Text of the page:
At the time, Cohen was also broadcasting college basketball for Providence College and college football for Brown University but genuinely looked to transition to work within Major League Baseball. Out of desperation, Cohen made a call to the Mets on an arena payphone before a basketball game to try to receive an answer regarding the job. From the moment he was told ‘Yes,’ the decision had been made. He would be working with Bob Murphy broadcasting games on WFAN, the flagship radio station of the Mets, in the number one media market in the world.
“I had grown up in New York and grown up as a Mets fan,” Cohen said. “Once I got that job offer even though San Diego was very tempting because it’s San Diego, it was a no-brainer that I was going to take the Mets gig.”
He entered the role well-informed about the history of the franchise and in-tune with the fanbase, premises many broadcasters do not initially have in the major leagues. It gave Cohen the ability to be relatable and authentic towards the audience, expressing his views and opinions on the organization backed with encyclopedic knowledge and cogent, logical reasoning.
For the next 15 years, Murphy and Cohen worked together on the radio to bring Mets fans the game action through the team’s highs and lows, including during a World Series appearance in 2000. Being on the radio for his childhood team was a dream come true for Cohen – and he has not looked back since those first moments interacting with Murphy in the radio booth.
“I was in, I think, my second month working Mets radio in 1989 and I forgot who it was but somebody came up to me and said: ‘So you got this gig – what are you going to do next?,’” Cohen recalled. “My reaction then is the same as my reaction now: ‘Next? Why would I want to do anything next?’ Getting the gig was probably the most memorable moment of my life.”
Murphy was the play-by-play voice of the Mets from the team’s inception in 1962, and as time went on, he had to reduce his workload in order to maintain his health. In July 2003, Murphy, in his 42nd year with the organization, announced that he would be retiring from calling games on the radio at season’s end. He was subsequently diagnosed with lung cancer and fought the disease until he passed away in August 2004 at the age of 79.
“Working with ‘Murph’ was almost like a surreal experience for me,” Cohen said. “….To be sitting next to him every night and sharing a booth with him and interacting with him; I had to pinch myself virtually every day….. It wasn’t something that I ever thought about as a kid as even a possibility and yet here I was. It was almost like an out-of-body experience at times.”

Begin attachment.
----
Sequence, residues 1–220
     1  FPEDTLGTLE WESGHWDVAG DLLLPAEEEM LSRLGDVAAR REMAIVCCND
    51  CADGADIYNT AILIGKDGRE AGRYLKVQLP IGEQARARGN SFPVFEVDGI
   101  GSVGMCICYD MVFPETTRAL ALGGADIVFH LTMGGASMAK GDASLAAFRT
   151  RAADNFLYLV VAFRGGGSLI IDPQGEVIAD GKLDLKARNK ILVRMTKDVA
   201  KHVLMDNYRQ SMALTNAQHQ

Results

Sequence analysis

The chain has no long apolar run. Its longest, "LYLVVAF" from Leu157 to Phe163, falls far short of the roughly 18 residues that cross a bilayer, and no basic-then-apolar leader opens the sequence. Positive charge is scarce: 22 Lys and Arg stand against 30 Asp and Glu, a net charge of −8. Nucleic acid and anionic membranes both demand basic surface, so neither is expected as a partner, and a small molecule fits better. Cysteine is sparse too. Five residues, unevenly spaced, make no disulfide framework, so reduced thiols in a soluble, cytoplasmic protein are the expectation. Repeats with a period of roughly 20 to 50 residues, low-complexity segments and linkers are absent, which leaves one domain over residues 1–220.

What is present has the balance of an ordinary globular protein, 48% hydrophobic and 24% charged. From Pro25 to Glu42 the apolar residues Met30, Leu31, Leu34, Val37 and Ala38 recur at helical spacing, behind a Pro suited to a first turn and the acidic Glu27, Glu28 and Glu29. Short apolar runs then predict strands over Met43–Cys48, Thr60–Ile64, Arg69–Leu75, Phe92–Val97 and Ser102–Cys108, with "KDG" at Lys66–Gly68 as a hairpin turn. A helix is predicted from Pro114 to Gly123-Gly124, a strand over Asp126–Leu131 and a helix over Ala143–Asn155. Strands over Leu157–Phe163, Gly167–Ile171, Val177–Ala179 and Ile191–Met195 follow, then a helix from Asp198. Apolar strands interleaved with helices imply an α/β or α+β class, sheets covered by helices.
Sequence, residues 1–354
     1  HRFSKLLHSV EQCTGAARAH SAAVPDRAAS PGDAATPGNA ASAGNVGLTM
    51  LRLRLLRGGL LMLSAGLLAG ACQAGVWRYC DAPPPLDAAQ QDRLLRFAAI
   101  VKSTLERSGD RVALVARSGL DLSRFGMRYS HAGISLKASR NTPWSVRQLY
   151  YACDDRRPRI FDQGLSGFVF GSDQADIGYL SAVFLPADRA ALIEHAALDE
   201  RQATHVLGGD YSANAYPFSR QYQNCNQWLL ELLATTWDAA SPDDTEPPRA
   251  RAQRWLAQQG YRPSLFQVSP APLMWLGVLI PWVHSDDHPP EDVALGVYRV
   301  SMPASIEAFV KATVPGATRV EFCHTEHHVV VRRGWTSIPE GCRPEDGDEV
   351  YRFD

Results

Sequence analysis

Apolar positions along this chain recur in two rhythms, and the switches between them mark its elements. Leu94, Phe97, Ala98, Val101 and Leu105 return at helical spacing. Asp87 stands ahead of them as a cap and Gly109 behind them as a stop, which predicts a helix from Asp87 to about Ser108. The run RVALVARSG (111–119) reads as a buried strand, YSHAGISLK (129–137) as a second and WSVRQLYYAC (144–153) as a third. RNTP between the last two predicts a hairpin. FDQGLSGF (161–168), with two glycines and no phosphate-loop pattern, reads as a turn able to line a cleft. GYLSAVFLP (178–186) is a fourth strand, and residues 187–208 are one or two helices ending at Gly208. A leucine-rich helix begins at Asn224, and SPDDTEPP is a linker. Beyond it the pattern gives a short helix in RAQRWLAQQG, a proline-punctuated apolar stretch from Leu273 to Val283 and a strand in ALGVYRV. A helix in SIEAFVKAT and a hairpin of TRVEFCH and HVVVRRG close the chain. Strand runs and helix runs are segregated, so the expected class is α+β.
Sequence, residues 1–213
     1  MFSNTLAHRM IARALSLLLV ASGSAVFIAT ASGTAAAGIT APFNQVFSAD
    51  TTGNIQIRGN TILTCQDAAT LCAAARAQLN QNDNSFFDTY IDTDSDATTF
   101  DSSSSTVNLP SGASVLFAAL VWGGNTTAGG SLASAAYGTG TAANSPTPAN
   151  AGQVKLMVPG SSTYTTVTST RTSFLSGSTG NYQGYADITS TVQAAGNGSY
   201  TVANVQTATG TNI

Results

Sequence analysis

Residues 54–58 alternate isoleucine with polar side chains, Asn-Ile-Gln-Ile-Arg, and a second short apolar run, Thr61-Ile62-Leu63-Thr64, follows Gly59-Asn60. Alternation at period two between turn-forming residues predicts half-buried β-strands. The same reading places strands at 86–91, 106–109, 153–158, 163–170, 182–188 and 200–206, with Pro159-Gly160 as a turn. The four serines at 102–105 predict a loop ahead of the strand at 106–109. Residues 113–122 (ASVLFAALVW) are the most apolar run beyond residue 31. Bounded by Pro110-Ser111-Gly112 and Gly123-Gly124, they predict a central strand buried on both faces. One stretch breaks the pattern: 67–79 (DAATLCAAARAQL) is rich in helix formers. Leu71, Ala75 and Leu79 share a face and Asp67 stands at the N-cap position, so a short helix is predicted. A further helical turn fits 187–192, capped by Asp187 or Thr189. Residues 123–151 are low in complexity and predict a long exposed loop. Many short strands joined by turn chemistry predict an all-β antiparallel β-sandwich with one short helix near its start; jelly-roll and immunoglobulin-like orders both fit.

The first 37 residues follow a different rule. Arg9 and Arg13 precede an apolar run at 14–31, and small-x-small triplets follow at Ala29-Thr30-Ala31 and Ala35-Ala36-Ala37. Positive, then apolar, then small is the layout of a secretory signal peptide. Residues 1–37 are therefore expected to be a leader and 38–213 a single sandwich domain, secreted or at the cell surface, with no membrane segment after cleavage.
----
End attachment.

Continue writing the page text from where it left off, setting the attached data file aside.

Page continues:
At the start of the 2004 season, Cohen was joined in the radio booth by Howie Rose, who had been covering the Mets on television since 1996. Rose, like Cohen, had grown up a fan of the Mets since 1962 and first became infatuated in broadcasting when he listened to Yankees play-by-play announcer Mel Allen at the age of 7. Now working together, Cohen saw himself in Rose and was quickly able to foster an effective on-air chemistry conducive to sustained success. In short, they were able to pick up where Murphy and Cohen had left off, captivating fans of the Amazins’ for the next two seasons.
“I think of Howie as my brother from another mother,” Cohen said. “We share a lot of sensibilities; we shared a lot of experiences. It was so much fun to be able to bounce things off Howie over the course of nine innings every day. We had an enormous amount of fun.”
In March of 2006, SNY was created, which gave the Mets more control over their local media rights. Due to the move, the team reshuffled their announcers and added Gary Cohen to the television broadcasts – a move to a rather unfamiliar medium for someone who had been working in radio from the first day he called a baseball game. Joining him as color commentators were former teammates and 1986 World Series champions Keith Hernandez and Ron Darling, athletes Cohen followed as a young adult.
“Television couldn’t be more different in that you have 50 people, each of whom has a responsibility to bring a part of the broadcast to life,” Cohen said. “I think that was my biggest transition – understanding that I was not in control anymore. I was just a small spoke in the wheel as opposed to being the wheel. I think as I came to understand that more over my first couple of years doing television, I think it made me a lot more relaxed in terms of just settling into my role, doing my part and letting everybody else do their part.”